Buyers who want to purchase with seller financing must usually find their own likely candidates, often with the help of a savvy buyer’s agent who understands seller-finance benefits. Here are four criteria that have worked for me:
* Ask why the owner is selling.
Knowing this was the key to my purchasing the home owned by the 80-year-old. When I learned the owner was selling to move closer to her daughter and the home had no existing mortgage, that information indicated it was a great seller-finance candidate. Don’t let the agent discourage you from making the offer.
However, if you learn the seller is selling to raise cash to purchase another home, to buy out a spouse in a divorce or for another cash-required good reason, the home is not a great candidate.
But don’t always believe the seller or the agent who tells you the seller wants cash for investments. When you show the seller in your written home purchase offer you’re willing to pay, for example, 7% interest today and the specific monthly payment, that will often persuade a reluctant seller to accept your seller-finance offer.
* Look for free-and-clear homes listed for sale.
The best indicator of a seller-finance candidate home is one that lacks a large mortgage. Most buyer agents can search their local multiple listing service for such free-and-clear homes. Nationally, more than 50% of U.S. homes have no mortgage, so there is a large potential of seller-finance homes.
* Unsold, vacant homes.
Another signal of a possible seller-financed home is one that is vacant and has remained unsold at least 30 to 60 days. Vacant fixer- upper houses are also excellent seller-finance candidates because, if extensive work is needed, most institutional mortgage lenders will not finance them.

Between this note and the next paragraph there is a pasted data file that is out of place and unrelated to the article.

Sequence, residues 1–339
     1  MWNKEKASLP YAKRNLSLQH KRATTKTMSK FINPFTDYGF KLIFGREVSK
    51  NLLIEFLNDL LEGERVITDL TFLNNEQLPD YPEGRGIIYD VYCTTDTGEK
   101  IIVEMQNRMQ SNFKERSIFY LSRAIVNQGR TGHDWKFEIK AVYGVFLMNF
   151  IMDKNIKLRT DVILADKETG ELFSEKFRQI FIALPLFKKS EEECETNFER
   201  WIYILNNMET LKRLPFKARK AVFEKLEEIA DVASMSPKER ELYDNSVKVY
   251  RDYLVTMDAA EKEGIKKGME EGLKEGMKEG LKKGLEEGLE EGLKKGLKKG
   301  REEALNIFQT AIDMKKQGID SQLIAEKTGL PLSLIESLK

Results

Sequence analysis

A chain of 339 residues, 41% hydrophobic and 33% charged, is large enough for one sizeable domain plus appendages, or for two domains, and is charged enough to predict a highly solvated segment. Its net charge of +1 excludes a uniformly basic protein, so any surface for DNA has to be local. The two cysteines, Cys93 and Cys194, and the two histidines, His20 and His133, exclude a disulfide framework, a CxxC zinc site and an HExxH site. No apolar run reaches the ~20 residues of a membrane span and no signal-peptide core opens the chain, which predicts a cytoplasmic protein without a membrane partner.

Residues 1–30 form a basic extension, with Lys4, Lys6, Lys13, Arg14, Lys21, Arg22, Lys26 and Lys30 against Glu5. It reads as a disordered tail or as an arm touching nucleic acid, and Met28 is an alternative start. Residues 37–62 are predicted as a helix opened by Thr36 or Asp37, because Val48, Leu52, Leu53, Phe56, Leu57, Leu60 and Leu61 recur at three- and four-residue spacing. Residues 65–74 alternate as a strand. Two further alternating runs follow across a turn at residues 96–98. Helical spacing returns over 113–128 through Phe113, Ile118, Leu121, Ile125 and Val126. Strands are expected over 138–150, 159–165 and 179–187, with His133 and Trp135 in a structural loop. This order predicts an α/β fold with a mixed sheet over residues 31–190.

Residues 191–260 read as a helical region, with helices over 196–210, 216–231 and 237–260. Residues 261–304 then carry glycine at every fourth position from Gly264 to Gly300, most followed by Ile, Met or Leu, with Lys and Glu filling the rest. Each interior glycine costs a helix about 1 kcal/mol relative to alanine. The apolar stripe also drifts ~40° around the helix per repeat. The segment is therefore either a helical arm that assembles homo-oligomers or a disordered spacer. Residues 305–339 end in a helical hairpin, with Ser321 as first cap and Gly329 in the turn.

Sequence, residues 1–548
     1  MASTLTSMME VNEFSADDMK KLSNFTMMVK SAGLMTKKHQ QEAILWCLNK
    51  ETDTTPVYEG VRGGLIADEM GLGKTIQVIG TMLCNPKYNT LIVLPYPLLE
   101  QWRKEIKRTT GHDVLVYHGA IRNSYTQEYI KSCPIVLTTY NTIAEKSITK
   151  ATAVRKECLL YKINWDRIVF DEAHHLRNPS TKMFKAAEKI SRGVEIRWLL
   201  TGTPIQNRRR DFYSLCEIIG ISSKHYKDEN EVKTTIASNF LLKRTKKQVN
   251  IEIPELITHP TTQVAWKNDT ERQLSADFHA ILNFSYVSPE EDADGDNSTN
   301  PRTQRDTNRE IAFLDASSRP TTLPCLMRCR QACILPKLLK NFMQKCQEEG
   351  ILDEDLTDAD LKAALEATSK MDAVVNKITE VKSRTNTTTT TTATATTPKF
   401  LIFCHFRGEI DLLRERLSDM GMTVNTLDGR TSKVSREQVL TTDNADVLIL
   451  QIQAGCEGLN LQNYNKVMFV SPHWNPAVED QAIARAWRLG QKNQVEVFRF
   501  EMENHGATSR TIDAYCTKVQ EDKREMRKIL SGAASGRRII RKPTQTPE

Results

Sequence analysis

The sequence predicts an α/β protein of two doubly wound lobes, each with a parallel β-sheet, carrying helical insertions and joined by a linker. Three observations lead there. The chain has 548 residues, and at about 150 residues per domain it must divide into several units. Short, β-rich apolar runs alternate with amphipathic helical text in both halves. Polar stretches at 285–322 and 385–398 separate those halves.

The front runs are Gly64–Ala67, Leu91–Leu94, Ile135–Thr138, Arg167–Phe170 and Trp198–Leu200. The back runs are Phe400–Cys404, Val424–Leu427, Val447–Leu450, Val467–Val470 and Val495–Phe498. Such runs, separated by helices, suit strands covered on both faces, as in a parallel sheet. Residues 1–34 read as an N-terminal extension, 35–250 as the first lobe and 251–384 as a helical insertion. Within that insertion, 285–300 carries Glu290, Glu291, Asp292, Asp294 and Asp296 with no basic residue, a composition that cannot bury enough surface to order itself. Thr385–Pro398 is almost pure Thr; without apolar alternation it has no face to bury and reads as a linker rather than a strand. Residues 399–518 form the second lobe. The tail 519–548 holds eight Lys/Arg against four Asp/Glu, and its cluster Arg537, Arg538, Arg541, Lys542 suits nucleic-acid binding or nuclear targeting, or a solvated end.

* Vacant homes for sale by retirees and wealthy sellers.
By asking why the owner is selling you might learn the seller is retired and/or wealthy. These sellers are often eager to get rid of their vacant houses. Nobody wants to own a vacant house that has been listed for sale more than 30 days.
As an investor who has convinced many sellers to accept my seller- finance offer, I find their greatest fear is foreclosure.
I politely explain foreclosure is the best thing that could happen to a seller who carries back a mortgage.
Should I default, then they would either be paid in full at the foreclosure sale or reacquire the house to resell for a second profit. If that argument isn’t persuasive, here are some additional techniques I’ve found to be effective.
* Offer to prepay six to 12 months of mortgage payments at the closing (instead of a large cash down payment).
* Give the seller a year’s post-dated payment checks so all the seller must do is remember to deposit a check in their bank account on the first day of each month.
* Accompany your buyer’s agent to present the seller-finance offer so you can meet the seller. Although most agents try to avoid having seller and buyer meet, I find this technique works wonders when asking for seller financing.
Robert J. Bruss is a syndicated columnist as well as a real estate investor, lawyer, broker and educator in the Bay Area.
Credit: SPECIAL TO THE TIMES